In her debut collection, Mary South’s characters use technology to escape their uncontrollable feelings of grief or rage or despair, only to reveal their most flawed and human selves. These 10 stories feature an impressive range of voices, alternatingly provocative, wistful, and calculatingly disaffected in prose that is fiercely intelligent and outlandishly funny.

Old men in a nursing home dial phone-sex hotlines to stave off their debilitating loneliness in “The Great Geezer Dirty Talk Disaster of the Twenty-First Century.” In “Architecture for Monsters,” (previously published in Conjunctions), an architect draws dubious ethical inspiration from her daughter’s birth defect for the buildings she designs. Embroiled in the custody battle of a nasty divorce, a husband and wife take turns ripping each other apart in an annotated Microsoft Word letter to their kids in “The Last Real American Divorce.” And in the title story, a content moderator for Google is obsessed with stalking her rapist’s online activity, so much so that she starts stalking him in real life.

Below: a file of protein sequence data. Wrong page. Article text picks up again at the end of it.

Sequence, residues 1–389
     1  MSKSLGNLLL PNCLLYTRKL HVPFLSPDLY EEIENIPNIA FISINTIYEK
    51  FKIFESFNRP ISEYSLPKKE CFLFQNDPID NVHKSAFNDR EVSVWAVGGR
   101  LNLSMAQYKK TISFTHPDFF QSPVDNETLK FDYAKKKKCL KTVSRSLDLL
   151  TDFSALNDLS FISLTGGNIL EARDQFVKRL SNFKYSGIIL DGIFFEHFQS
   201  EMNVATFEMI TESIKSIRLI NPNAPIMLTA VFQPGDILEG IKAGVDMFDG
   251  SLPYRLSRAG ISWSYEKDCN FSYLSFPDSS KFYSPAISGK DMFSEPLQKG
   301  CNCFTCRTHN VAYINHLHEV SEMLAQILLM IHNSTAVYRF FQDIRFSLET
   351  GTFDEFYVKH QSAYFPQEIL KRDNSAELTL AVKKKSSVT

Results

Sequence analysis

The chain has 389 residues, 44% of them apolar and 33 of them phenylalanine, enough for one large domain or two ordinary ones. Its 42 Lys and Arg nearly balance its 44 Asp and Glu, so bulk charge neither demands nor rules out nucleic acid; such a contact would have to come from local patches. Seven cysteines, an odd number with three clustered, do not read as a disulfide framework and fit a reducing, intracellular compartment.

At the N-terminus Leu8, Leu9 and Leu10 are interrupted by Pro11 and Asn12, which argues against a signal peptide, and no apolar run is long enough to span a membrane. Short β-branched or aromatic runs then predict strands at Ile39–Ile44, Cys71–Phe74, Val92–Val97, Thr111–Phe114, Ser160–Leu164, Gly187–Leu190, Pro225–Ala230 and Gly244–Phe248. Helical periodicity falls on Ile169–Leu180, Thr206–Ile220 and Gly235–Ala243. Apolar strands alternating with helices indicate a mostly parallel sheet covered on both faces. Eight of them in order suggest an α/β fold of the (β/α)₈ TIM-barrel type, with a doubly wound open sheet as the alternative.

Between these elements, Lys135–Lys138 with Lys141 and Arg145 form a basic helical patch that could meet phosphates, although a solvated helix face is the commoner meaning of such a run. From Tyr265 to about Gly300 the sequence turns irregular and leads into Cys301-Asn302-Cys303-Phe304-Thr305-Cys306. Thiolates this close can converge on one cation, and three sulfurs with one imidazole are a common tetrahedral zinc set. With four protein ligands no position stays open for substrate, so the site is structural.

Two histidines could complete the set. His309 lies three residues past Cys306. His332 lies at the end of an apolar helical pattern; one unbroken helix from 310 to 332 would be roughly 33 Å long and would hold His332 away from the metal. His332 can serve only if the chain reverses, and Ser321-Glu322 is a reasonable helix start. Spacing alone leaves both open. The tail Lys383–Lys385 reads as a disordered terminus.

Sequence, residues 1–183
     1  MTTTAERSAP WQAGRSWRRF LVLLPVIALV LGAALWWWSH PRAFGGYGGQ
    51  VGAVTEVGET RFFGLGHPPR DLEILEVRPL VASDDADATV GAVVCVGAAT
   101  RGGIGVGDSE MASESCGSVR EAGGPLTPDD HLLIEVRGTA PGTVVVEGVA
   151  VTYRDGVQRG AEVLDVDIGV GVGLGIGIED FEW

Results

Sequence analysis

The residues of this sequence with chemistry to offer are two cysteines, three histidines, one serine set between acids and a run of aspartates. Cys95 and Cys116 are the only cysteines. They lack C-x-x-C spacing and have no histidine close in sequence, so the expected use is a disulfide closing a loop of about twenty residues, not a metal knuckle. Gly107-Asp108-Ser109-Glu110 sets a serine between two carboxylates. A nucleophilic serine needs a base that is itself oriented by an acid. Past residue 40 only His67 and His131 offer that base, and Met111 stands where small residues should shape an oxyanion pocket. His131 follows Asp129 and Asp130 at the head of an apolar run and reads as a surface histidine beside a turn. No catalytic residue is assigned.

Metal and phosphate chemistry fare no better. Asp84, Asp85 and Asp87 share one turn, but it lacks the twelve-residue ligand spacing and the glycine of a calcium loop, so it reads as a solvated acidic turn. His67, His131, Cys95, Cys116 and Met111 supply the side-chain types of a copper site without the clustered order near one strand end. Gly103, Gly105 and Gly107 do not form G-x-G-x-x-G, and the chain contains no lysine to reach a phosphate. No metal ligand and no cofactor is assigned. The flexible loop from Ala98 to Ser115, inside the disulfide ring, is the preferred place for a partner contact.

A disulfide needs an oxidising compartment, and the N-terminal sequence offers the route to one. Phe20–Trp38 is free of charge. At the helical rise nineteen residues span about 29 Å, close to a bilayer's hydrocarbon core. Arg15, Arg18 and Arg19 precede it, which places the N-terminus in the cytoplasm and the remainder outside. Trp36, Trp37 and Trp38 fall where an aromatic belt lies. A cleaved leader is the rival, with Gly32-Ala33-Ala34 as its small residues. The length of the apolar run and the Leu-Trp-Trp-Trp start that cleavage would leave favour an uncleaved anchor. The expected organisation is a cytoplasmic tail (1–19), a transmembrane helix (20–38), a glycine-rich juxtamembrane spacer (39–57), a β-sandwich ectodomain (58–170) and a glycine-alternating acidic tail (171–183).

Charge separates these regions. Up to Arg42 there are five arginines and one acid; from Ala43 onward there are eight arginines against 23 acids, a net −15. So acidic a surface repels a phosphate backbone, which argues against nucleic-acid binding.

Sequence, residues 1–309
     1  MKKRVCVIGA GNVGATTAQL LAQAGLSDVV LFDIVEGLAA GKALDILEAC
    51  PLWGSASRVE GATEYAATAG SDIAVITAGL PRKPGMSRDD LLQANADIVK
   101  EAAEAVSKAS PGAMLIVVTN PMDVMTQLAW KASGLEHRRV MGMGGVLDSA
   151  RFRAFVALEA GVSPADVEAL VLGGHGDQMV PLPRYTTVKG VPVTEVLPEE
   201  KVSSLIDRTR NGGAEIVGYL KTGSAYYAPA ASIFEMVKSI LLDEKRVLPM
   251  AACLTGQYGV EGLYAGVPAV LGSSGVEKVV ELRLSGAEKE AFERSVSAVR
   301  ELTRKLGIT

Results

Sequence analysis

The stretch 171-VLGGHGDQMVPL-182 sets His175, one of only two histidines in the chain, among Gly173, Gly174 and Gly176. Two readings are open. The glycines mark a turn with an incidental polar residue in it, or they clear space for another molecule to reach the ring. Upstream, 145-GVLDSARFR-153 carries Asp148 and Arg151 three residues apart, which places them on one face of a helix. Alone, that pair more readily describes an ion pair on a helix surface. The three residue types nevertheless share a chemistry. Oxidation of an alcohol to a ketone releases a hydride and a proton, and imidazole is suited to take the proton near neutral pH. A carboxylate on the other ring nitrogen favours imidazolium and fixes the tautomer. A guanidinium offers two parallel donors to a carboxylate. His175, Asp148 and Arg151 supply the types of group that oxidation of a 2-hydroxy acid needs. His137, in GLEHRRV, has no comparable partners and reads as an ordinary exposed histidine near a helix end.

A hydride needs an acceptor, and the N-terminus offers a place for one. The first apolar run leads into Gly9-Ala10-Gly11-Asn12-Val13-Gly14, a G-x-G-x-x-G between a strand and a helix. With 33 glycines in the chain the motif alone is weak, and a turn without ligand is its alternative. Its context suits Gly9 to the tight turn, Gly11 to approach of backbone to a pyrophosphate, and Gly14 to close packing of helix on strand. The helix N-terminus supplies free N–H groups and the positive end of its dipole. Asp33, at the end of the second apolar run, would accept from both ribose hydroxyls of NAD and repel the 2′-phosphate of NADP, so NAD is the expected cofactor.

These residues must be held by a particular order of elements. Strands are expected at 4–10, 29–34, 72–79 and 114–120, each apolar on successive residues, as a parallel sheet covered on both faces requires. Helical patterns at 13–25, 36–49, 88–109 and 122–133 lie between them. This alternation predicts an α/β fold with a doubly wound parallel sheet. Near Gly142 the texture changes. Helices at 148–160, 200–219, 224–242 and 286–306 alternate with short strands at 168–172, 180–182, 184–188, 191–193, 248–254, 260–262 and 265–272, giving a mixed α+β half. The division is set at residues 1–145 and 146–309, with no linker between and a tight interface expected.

South explores how the Internet both collapses our relationships from within but also provides opportunities for connection. Savagely critical of the increasingly fraught cultural climates we inhabit, these stories also offer hope in the minute interactions and moments of tenderness between characters. Akin to the formally inventive as well as darkly absurdist style of Carmen Maria Machado or Alissa Nutting, South’s stories reveal both our grotesque selfishness and our intense need for love and acceptance; our psychic pain that shuts us off from each other but also allows us to discover our deepest reaches of empathy.

Mary South is a graduate of Northwestern University and the MFA program in fiction at Columbia University where she was a Henfield Scholar. She has studied with Ben Marcus, Sam Lipsyte, and Gordon Lish, and worked alongside Diane Williams for many years as an editor at the literary journal NOON. Her writing has appeared in The Collagist, Conjunctions, Electric Literature, The New Yorker’s “Book Bench,” NOON, and Words Without Borders.